59th Ordinary Session of the Africa Commission on Human and Peoples’ Rights
Banjul, Islamic Republic of the Gambia
Report of the Special Rapporteur on Freedom of Expression
28 October 2016
Madame Chairperson, Special Rapporteur on Freedom of Expression and Access to Information in Africa, distinguished Commissioners, State Delegates, representatives of NHRIs and NGOs; all protocols respectfully observed.
On behalf of the East and Horn of Africa Human Rights Defenders Project, I would like to thank Honourable Commissioner Pansy for her committed promotion of freedom of expression and access to information during the course of her mandate.
Throughout the East and Horn of Africa sub-region, the fundamental right to expression continues to be undermined by attacks both on an individual and collective level. Governments have forcibly closed NGOs and media outlets, and obstructed online expression through Internet and social media shutdowns. At the same time, journalists and human rights defenders face intimidation, physical attacks, arrests and detentions as a result of their work.
In Burundi, now that the majority of the country’s journalists and HRDs have gone into exile, a distressing silence has fallen over the country. The government has flouted its obligations to safeguard free speech and its officials regularly intimidate, arrest, detain, and disappear journalists and HRDs. Jean Bigirimana, a journalist with leading Iwacu newspaper, has been missing since 22 July and is feared dead.
Djibouti remains one of the most repressed countries in the sub-region, with little to no freedom of expression. The country’s only private media outlet L’Aurore had to cease publications after its chief editor Kadar Abdi Ibrahim was detained for 48 hours on 12 August.
In Ethiopia, the recent declaration of a State of Emergency further cements already draconian restrictions on freedom of expression. Mobile 3G networks have been shut down in parts of the country, including Addis Ababa since 5 October, and new directives give authorities broad powers to interrupt and shut down communications and to arrest and detain individuals without due process.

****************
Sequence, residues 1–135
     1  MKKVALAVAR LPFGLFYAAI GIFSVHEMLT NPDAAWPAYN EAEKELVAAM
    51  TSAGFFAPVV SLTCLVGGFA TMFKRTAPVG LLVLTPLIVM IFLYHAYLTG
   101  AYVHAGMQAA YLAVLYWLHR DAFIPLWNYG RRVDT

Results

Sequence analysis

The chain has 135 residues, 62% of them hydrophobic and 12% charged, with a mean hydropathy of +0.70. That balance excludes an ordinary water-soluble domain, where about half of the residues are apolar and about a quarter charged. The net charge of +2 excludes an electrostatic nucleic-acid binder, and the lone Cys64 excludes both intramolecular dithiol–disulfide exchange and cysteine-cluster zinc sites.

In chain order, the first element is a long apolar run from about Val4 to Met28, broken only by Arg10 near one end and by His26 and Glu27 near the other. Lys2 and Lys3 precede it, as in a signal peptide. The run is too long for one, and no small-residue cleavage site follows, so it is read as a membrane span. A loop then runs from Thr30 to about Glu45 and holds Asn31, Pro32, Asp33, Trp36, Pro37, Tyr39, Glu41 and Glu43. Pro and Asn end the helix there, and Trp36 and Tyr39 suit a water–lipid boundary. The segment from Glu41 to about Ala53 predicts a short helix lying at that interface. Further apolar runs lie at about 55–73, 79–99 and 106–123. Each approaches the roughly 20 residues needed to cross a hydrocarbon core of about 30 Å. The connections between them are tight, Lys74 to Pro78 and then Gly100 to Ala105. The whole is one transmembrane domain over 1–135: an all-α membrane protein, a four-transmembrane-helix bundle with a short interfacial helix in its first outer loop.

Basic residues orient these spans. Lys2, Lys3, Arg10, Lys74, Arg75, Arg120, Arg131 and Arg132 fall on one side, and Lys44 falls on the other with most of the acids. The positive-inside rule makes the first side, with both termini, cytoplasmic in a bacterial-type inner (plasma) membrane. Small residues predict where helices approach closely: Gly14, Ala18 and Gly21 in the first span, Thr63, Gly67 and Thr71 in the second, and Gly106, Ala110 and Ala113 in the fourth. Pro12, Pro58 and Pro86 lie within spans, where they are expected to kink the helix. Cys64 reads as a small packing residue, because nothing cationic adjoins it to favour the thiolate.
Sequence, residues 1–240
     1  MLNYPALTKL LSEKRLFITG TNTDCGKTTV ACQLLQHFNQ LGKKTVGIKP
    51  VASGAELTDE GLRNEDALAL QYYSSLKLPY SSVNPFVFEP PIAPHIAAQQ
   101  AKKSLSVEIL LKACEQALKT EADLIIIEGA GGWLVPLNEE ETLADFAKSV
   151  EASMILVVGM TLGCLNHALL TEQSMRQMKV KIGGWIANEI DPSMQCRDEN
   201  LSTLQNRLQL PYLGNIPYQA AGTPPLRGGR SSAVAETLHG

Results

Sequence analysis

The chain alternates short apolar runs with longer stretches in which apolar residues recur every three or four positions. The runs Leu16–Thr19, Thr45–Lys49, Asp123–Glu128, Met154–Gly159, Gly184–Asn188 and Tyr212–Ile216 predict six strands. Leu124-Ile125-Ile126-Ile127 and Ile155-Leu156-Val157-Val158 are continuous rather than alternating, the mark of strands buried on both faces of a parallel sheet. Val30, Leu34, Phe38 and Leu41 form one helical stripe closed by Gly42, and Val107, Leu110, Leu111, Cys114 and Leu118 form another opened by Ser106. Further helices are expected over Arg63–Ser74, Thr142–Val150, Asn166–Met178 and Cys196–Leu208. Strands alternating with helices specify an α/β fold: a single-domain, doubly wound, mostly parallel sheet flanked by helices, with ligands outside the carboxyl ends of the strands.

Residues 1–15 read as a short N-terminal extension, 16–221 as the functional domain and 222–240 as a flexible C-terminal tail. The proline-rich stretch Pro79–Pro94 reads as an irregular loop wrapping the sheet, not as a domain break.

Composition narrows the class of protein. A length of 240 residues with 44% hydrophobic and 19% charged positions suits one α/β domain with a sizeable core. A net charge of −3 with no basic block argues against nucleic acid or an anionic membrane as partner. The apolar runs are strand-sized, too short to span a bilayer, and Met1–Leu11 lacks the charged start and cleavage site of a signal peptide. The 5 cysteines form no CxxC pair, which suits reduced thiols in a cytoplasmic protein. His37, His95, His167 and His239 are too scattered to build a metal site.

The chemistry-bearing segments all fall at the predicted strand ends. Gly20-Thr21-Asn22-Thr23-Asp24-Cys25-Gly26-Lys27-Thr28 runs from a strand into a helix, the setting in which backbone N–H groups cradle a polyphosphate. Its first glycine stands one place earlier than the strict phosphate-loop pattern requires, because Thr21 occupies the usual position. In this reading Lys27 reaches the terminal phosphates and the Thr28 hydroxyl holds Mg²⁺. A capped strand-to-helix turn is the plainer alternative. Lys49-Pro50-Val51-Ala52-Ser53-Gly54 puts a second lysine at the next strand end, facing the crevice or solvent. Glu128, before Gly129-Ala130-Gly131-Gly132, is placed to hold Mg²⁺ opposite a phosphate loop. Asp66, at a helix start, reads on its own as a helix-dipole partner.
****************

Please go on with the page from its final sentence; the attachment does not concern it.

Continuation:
In Kenya, the lead up to the 2017 presidential elections has already triggered attacks on various forms of expression. Violently dispersed opposition protests in June resulted in a number of casualties, and recent months have also seen alarming reports of physical and judicial attacks on journalists and bloggers. On a positive note, we commend the Kenyan parliament for enacting the Access to Information Bill.
Somalia remains one the most dangerous countries on the continent for the media, where journalists encounter threats from both state and non-state actors such as Al-Shabaab. During the reporting period two journalists were killed, nine were arrested, and two media houses were raided and shut down.
In Sudan, the National Intelligence Security Service (NISS) is responsible for the repeated arrest of journalists, suspension of media houses, and confiscation of print runs. In August, four media houses were suspended under the draconian Press and Publications Act (2009).
In Tanzania, state-led attempts to quash free expression have become more prevalent since President Magufuli’s election in 2015. In August alone the Minister of Information banned three media outlets citing the 1976 Newspaper Act. Civil society has expressed concerns that the draft Media Services Bill is not in line with regional and international standards.
In light of these updates and observations, we recommend that the African Commission on Human and Peoples’ Rights:
- Adopt a resolution highlighting the need for governments to respect the fundamental right of Internet freedom; and
- Urge States to amend restrictive laws and end practices that threaten freedom of expression as guaranteed in the African Charter on Human and Peoples’ Rights.